Amílcar Cabral (1924-1973)
By TONY SEED
On January 20, 1973, Amílcar Lopes da Costa Cabral, leader of the national liberation movement in Guinea Bissau and Cape Verde in West Africa, was assassinated, just months before Guinea Bissau won its long independence struggle against Portugal.
Guinea-Bissau was once part of the kingdom of Gabu, part of the ancient Mali Empire; parts of this kingdom persisted until the 18th century. Other parts of the territory in the current country were considered by the Portuguese as part of their empire. Portuguese Guinea was known as the Slave Coast, as it was a major area for the exportation of African slaves by Europeans to the western hemisphere.
Filed under History, Africa
By TONY SEED
This article was first published in October 2014 by TML Weekly and Global Research. It is of particular relevance to an understanding of the ongoing “war on terror” in the Americas and the role of successive US and Canadian governments.
Today, October 6th, is the anniversary of the first act of terrorism against civilian aviation in the western hemisphere – the unparalleled Cubana air disaster on the coastline of Barbados on October 6, 1976 – the Barbados crime. Cubana flight 455 was hit by two C-4 explosives bombs at an altitude of 18,000 feet just after the aircraft took off from the then Seawell Airport (now the Grantley Adams International Airport) in Barbados. Continue reading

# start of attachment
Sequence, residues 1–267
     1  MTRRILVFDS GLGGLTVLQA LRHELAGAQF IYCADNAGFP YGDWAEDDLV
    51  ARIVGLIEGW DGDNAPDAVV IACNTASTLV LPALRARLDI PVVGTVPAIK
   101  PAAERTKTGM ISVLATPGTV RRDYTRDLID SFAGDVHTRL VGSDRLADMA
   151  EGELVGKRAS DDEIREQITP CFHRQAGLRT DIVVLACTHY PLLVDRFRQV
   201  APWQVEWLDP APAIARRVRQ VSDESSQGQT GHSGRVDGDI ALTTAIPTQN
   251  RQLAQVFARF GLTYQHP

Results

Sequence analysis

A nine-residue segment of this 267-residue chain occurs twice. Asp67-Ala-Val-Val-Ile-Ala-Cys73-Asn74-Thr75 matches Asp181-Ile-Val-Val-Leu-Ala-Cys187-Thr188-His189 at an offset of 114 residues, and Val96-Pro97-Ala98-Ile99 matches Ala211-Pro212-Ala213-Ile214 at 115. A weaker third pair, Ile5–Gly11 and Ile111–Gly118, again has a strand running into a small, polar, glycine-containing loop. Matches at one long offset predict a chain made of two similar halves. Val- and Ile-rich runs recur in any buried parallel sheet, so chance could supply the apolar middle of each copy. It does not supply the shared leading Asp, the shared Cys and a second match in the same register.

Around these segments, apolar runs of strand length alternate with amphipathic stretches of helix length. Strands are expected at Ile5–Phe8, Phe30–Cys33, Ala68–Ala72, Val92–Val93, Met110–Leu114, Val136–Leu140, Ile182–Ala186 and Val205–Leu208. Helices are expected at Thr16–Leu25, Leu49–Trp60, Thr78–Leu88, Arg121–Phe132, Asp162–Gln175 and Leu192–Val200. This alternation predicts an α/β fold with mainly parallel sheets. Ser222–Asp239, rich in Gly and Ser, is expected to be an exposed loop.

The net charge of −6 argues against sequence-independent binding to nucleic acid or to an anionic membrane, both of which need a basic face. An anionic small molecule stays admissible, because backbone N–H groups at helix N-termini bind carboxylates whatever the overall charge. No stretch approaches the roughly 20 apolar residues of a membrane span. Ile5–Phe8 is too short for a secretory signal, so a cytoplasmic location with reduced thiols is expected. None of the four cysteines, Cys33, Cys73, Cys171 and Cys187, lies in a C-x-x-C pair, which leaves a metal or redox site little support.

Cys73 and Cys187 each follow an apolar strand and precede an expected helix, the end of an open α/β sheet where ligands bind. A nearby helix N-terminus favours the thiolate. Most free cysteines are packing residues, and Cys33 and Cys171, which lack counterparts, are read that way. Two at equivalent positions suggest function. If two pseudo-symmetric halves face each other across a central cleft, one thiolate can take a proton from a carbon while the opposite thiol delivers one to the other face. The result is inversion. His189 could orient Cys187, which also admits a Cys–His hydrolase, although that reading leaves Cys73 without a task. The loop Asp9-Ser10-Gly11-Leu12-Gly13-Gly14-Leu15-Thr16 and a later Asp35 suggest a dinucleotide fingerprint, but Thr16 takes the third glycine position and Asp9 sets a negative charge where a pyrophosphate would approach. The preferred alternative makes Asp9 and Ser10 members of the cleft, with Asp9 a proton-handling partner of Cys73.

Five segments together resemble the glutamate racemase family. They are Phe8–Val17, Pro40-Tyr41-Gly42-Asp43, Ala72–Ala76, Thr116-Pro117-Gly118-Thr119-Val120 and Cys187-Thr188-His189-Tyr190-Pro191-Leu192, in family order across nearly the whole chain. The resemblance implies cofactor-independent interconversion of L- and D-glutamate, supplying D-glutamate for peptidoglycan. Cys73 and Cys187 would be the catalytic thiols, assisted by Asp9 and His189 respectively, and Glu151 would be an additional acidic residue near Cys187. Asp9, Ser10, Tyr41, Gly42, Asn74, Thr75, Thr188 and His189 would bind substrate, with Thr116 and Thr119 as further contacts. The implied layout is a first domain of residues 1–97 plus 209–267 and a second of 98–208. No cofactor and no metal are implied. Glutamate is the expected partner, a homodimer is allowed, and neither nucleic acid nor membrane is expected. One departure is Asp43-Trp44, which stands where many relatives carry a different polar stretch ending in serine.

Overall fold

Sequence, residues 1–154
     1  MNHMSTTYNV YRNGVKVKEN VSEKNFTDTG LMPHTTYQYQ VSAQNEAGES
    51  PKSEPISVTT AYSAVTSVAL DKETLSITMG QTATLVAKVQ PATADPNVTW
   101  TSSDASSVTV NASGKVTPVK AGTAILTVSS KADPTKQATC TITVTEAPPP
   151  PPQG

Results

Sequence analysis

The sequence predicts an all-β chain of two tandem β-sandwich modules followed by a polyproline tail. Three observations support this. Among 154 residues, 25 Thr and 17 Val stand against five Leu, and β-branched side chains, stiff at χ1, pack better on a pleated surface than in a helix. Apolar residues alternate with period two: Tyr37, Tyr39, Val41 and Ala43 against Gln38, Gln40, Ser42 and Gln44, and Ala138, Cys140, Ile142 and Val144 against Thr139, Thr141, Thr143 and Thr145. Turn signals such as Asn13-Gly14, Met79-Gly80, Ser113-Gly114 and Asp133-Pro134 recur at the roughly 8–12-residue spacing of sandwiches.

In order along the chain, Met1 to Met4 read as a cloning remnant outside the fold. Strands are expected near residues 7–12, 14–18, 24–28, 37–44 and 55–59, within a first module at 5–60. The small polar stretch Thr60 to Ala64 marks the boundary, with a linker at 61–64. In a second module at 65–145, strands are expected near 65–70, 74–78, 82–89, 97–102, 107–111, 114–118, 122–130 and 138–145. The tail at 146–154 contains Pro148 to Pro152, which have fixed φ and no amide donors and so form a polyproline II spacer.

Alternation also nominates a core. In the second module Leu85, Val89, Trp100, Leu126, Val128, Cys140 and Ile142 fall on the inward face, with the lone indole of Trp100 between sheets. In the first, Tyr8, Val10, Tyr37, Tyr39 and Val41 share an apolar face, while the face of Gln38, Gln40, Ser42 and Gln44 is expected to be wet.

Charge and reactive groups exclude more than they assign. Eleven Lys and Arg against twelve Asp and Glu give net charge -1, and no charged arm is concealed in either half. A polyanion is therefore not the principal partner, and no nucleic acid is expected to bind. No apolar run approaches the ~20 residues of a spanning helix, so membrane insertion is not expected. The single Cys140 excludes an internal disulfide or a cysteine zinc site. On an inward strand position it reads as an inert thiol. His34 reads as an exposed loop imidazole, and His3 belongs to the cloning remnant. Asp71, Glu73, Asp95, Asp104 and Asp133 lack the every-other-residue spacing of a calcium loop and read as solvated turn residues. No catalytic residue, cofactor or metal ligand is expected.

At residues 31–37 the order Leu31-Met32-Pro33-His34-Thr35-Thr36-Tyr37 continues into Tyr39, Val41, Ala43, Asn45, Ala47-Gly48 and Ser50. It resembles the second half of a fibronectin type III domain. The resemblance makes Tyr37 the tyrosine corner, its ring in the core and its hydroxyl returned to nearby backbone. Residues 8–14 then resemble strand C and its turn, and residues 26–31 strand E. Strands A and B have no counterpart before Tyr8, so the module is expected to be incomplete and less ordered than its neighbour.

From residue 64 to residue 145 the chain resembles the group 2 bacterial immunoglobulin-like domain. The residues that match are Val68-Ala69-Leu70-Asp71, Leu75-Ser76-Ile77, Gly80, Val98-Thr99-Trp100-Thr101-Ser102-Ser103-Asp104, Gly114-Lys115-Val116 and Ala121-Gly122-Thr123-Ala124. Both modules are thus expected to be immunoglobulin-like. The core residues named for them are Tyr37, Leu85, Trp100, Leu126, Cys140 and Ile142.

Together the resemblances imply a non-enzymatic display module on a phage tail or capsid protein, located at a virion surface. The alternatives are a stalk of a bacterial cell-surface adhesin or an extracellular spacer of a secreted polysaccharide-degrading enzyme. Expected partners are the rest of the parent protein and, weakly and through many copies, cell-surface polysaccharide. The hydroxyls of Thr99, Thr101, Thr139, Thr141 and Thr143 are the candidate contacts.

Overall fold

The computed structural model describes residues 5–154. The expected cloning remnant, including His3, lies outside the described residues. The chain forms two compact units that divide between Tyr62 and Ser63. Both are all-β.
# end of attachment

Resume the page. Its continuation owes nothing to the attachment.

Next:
The Ukraine putsch in Kiev on February 23 reportedly involves the NATO Gladio, an international network of secret cells of the NATO member states to combat the worker’s movement and communism in Western Europe. It originated with the famous directive of Churchill to “fan the flames” of the partisan warfare during World War II through the SOE (Special Operations Executive); by this it was understood to penetrate and subvert the anti-fascist resistance movement, and make it a tool of the Anglo-American forces, as in Greece. The post-war Gladio network had its own intelligence structure, its own secret military training, a network of illegal arms and PSYOPS service. These actions were part of U.S. military theory called the “strategy of tension,” and were particularly used in Italy in the 70s. The Gladio network was nothing more nor less than an organized terrorist network within NATO countries. In parallel, the CIA supervised the organization of the Operation Condor in Latin America beginning in 1975. – TS
Filed under Europe, History
ROBERT PARRY, Consortium News – SOON AFTER taking office in 1981, U.S. President Ronald Reagan’s national security team agreed to supply military aid to the brutal right-wing regime in Guatemala to pursue the goal of exterminating not only “Marxist guerrillas” but their “civilian support mechanisms,” according to a newly-disclosed document from the National Archives. Over the next several years, the military assistance from the Reagan administration helped the Guatemalan army do just that, engaging in the slaughter of some 100,000 people, including what a truth commission deemed genocide against the Mayan Indians in the northern highlands.